Elizabeth Lee Vliet, M.D
Of course you’ve heard of “liar loans”—in the heyday of subprime mortgages, unscrupulous lenders handed out mortgages to practically everyone with a pulse. “So you’re saying you make $100,000 a year? Great, check this box titled ‘McMansion.’”
We all know how this charade ended. Now Dr. Elizabeth Lee Vliet, M.D., an acclaimed expert on the subject of Obamacare, warns that the delay of the employer mandate by one year will force Americans into a single-payer system, raising insurance premiums and encouraging “liar subsidies” that might prove fiscally devastating. Not to mention that under the new health care system, you may well end up dead… — Dan Steinhart Editor, Casey Research
Obamacare is a hodgepodge of new regulations, requirements, and penalties. I’d like to start by defining three terms, which, while obscure today, should begin to enter our everyday vocabulary as Obamacare continues to take effect:
The individual mandate requires that individuals purchase health insurance that meets the new, expanded federal requirements. Individuals who do not comply face a financial penalty. Individuals who fall below minimum income levels will be eligible for taxpayer-funded subsidies to buy health insurance.
The employer mandate requires that businesses with more than 50 full-time employees must provide health insurance for all employees, and that insurance must meet the new standards set forth in the new law. Businesses that do not comply must pay a financial penalty for each employee, which for large companies can run into the millions of dollars annually. This is the piece of Obamacare that has been delayed by one year.
This is not a secret:
Here, Rep. Schakowsky is suggesting that the “public option” will lead to their desired goal of a single-payer healthcare system. Single-payer proponents no longer use this term, since the public has clearly and consistently opposed it.
The “public option” has been renamed “Medicaid expansion,” which serves the public-relations purpose of confusing the public and avoiding calling taxpayer-funded healthcare “single payer.”
Hacker nicely sums up the underlying goals of Obamacare: not to increase competition or patient choice, but to drive people out of private insurance as a stepping stone to a government-run, single-payer system.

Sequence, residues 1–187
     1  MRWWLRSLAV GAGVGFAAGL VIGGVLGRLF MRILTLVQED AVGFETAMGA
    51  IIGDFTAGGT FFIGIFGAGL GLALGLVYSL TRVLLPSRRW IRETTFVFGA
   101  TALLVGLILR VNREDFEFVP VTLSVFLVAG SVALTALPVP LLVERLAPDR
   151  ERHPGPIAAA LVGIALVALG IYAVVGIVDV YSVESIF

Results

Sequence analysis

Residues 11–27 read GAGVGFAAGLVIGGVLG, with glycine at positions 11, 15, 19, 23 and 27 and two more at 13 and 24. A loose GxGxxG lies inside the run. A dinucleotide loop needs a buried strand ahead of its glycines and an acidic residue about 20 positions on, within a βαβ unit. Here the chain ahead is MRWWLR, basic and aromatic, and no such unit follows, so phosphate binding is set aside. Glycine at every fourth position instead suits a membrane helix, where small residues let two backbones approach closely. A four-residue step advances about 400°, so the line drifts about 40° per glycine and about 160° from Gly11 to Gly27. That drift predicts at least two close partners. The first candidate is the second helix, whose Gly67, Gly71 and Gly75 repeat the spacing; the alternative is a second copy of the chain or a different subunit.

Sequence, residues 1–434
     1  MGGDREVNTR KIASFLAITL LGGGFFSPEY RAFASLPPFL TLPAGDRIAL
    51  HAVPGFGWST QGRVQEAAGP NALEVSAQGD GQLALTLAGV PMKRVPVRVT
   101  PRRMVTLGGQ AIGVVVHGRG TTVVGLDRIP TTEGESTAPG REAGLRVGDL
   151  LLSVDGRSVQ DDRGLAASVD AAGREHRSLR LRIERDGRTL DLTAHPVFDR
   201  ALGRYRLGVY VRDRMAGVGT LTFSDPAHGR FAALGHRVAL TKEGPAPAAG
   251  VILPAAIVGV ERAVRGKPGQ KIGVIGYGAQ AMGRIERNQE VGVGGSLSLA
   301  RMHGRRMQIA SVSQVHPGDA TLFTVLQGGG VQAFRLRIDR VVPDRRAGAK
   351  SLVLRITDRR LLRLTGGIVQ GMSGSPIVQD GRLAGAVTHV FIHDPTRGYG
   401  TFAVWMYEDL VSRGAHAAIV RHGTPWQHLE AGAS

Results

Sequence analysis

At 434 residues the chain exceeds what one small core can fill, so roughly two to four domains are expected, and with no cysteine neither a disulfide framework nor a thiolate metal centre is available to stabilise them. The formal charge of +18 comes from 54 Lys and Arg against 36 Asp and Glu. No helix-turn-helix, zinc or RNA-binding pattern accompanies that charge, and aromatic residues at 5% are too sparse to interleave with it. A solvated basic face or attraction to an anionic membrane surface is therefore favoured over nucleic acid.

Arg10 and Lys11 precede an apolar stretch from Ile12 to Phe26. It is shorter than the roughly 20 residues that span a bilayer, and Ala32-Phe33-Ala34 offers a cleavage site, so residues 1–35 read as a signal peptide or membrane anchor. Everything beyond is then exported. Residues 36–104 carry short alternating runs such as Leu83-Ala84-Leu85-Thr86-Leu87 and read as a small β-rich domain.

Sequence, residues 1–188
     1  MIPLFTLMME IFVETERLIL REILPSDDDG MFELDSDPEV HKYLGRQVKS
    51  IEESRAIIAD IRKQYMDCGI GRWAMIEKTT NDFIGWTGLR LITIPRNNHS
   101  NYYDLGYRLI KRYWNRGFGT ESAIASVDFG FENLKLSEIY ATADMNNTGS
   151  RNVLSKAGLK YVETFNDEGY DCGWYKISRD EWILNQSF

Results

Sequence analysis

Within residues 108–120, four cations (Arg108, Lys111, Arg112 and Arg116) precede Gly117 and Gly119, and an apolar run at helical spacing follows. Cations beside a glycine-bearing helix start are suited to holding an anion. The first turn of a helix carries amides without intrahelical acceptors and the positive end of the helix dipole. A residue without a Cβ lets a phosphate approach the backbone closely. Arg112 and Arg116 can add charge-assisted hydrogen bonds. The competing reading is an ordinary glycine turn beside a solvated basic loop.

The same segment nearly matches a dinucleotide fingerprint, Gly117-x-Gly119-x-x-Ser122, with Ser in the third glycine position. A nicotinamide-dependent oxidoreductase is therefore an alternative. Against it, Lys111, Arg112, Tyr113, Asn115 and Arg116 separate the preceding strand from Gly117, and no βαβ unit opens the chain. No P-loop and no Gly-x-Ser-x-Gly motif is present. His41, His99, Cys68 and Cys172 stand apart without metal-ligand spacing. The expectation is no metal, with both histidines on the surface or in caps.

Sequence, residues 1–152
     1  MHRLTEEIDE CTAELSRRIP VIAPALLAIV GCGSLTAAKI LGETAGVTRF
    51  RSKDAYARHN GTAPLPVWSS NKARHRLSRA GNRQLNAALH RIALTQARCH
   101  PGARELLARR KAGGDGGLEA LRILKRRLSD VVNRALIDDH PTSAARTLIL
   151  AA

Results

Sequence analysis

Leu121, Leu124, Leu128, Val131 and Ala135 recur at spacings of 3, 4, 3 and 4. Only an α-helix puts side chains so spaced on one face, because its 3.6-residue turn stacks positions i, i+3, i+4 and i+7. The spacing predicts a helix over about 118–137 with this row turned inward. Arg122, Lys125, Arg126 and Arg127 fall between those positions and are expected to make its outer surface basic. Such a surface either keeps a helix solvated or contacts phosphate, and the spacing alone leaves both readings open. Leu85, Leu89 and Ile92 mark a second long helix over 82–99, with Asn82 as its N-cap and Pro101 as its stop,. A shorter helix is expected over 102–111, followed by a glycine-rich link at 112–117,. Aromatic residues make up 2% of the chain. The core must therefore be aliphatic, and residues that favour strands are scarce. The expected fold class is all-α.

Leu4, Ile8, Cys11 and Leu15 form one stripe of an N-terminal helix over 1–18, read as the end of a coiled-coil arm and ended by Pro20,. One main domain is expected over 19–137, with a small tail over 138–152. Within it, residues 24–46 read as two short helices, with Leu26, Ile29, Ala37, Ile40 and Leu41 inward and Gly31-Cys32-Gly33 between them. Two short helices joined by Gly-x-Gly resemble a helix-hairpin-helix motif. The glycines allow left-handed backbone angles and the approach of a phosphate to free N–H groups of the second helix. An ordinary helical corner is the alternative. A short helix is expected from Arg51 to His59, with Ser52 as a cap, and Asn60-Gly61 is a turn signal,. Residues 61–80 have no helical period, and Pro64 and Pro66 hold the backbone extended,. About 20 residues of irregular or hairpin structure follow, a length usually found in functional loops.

Stepping Stone to Single-Payer
This represents a doubling of the number of workers forced to get health insurance on the exchanges.
Importantly, the IRS has ruled that if workers have access to affordable health insurance through their employer, their dependents are not eligible for taxpayer-funded subsidies on the Obamacare health insurance exchanges.
Now that businesses will not be required to offer health insurance until 2015, workers and their dependents will be eligible for taxpayer-funded subsidies to purchase health insurance on the exchanges.
This will cost taxpayers an estimated $60 billion dollars in 2014 alone to cover the increased costs of subsidies—and the loss of revenue from employer penalties.
This $60 billion figure is before we take into account the “liar subsidies” that will invariably occur now that the administration has quietly removed eligibility verification for taxpayer-funded subsidies.
Community organizers are already being hired around the country to sign people up for the health exchanges. There are no penalties for failing to verify eligibility, and no penalties for signing up people who cannot afford to pay the monthly insurance premiums.
It is set up for disaster, much like the “liar loans” that helped topple the mortgage industry when people were not required to verify their income to qualify for a mortgage.
Remember, by enacting the dual mandates, Obamacare ostensibly was designed to ensure that its costs were borne by businesses, not taxpayers. But when the president decided to enforce only certain portions of the healthcare law and delay others, he shifted the cost of health insurance onto the backs of taxpayers.
This is all on top of the burdensome costs Obamacare has already created. Various studies have projected that private insurance premiums will rise between 20 to 60% in 2014, and some as much as 100%.